I remember one day Dtweah told me that Kashif was asking him about “why your man Kollie doesn’t like to smile?” Kashif told Dtweah that “if your man Kollie doesn’t learn to smile, when we get the chartered plane to go to Monrovia for the campaign, he won’t get on it.” This was vintage Kashif! He was a guy with big dreams and aspirations and he worked hard. Nothing scared Kashif! He always believed in himself and pushed himself harder to get whatever he wanted.

When I met Kashif in 2010, it was difficult to find a business that he was not involved with or thinking about. He was always thinking about the next venture: sometimes partnering with others and at times going it alone. But if Kashif wanted something, he went for it.

He loved his mother, his wife and his kids. He would do anything for them. In fact, he told me that he works as hard as he does so that his family would be “comfortable.” I couldn’t find anyone who worked as hard as Kashif. He came to work very early and went home very late. Not only did he work hard, he loved every bit of what he did. He was passionate about starting and growing one venture after the other.

For the 10 years that I was in Liberia, Kashif and I grew very close. From rivals during our 2004 political encounter, we became brothers. While in Liberia, apart from my day job, I spend most of my waken moments with Kashif. We spend lots of time together. I had come to admire him and respect him for his diligence, commitment and hard work.

Ever since I got the message from Crayton that “Kashif didn’t make it,” my life has not been the same. I have been trying to hold it together but it is impossible.

All I can say is that God knows why. Kashif was so much promise and hope to many. I haven’t spoken to his mom but don’t even know what to tell her. This is so so unfair.

Kashif, wherever you are, I need you to know that we all loved you and will miss but we will NEVER forget you.

For me, you were a brother and I am sure you knew that. The time we spend together was short but you had a lot of impact on me and I hope I did as well.

Brother, until we meet on that great-getting-up-morning, take your rest


Do they not care that these countries perish or they care that these countries perish?

economic recovery in the post COVID era – rich & powerful vs poor & weak

The powerful countries will be printing money as means of jump-starting their economies as part of the post COVID-19 economic recovery. And it makes sense! Folks need to make major investments in infrastructure and human capital development in order to get things moving again. What else are they supposed to do?

But it seems that many of the world’s poorest countries will not be allowed to even borrow modest amount of money to make any kind of investments. Our international partners will tell us that we can’t borrow because it might put us in moderate or high “debt distress” as shown by our DSA (debt sustainability analysis). They will tell us that there is a “speed bump” that we can’t cross over even if it means that our people will suffer and die. I am not sure what other options are there for us.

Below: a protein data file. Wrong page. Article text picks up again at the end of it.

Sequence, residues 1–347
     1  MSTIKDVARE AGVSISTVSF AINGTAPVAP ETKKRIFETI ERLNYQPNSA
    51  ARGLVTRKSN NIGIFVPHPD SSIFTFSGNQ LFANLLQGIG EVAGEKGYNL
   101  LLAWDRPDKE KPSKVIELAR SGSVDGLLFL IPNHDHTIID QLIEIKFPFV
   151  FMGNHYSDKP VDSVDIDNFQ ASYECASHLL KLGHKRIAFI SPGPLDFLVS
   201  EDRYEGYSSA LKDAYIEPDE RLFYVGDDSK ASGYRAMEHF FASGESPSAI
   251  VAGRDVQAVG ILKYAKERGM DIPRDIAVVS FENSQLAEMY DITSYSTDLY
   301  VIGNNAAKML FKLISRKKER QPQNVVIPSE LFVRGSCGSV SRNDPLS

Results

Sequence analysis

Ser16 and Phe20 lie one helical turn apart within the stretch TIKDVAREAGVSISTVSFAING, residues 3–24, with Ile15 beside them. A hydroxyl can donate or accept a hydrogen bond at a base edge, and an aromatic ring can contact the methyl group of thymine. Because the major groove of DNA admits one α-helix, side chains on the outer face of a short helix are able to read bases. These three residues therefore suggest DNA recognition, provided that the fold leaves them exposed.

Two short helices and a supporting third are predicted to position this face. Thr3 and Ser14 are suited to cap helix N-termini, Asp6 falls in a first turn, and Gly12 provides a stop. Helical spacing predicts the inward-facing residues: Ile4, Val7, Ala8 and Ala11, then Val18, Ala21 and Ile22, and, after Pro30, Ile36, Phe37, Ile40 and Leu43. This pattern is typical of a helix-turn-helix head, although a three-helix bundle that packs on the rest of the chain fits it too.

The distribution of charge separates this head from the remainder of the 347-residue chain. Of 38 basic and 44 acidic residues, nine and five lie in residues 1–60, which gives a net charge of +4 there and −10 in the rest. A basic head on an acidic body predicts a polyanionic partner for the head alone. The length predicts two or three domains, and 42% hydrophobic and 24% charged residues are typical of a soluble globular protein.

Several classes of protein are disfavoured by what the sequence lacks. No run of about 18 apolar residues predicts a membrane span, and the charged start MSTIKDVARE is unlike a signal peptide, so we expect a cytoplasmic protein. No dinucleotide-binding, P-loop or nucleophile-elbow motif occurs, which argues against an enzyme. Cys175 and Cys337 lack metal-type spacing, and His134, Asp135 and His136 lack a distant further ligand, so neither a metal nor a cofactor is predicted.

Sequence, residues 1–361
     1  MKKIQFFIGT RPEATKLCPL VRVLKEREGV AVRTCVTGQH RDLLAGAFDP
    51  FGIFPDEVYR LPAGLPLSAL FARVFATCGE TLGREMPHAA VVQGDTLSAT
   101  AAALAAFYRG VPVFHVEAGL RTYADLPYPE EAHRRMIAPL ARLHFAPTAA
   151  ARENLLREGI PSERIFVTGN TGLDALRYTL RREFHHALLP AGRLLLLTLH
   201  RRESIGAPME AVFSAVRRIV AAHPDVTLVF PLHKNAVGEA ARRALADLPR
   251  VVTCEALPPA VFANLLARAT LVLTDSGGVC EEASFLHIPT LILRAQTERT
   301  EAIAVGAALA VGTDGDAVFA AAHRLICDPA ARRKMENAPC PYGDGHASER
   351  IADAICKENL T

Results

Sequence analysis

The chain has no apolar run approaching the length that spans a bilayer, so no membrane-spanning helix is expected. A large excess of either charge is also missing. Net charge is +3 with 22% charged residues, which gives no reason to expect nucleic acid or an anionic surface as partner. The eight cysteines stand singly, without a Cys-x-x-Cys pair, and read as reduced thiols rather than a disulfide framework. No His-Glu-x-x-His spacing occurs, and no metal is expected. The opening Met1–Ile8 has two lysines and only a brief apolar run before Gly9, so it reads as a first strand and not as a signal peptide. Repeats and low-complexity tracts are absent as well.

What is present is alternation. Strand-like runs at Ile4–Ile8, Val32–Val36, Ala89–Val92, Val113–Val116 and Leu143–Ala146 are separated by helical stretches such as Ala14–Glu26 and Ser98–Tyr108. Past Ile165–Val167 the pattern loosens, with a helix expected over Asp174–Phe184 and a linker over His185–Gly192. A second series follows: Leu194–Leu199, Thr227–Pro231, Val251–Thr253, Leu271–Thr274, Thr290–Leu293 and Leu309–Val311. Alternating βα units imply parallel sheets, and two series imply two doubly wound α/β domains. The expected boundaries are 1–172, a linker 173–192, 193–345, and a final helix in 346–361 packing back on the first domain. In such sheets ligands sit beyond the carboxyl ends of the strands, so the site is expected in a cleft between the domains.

Our “development” partners will define debt in all sorts of ways just to ensure that our countries do not borrow any money to make the investments required to move our economies forward. When the COVID recovery is over, the gap between the rich countries which borrowed multiple times their GDP and poor countries which did not borrow anything and therefore could not make any investments will be wider than we have ever seen.

The debts of the rich and powerful can hit any limit but poor and weak are not allowed to borrow to do anything. Some of the poor countries are not even able or allowed to print their own currencies to replace mutilated notes.

The argument from our “development” partners is that we don’t have the “absorptive” capacity. I really have never understood what this meant. That if you built roads and power plant we will not be able to use (absorb) them? Because the monies that these countries want are for critical infrastructure needed to unlock the growth potentials in their economies. If these “binding” constraints are not removed, these countries will never make any progress. With poor infrastructure, there is no foreseeable way that these countries can escape the “poverty trap.”

The partners do not even want to have a conservation about which projects these countries want to undertake. All the partners care about is that these countries shouldn’t borrow. What if they want to borrow to build a power plant so that value-addition and light manufacturing can begin? The partners don’t care. For them, once you don’t have the money, you don’t deserve cheap power or better roads.

The partners don’t want us to borrow against future income. For them, it is against the rule of development. For them, you must have the money in hand (appropriated in your budget) before you can even begin the procurement process for anything. They say, it is irresponsible to borrow against future income. Really? I thought that was what the smartest business people did: borrow to invest and when the return comes, you pay back the debt.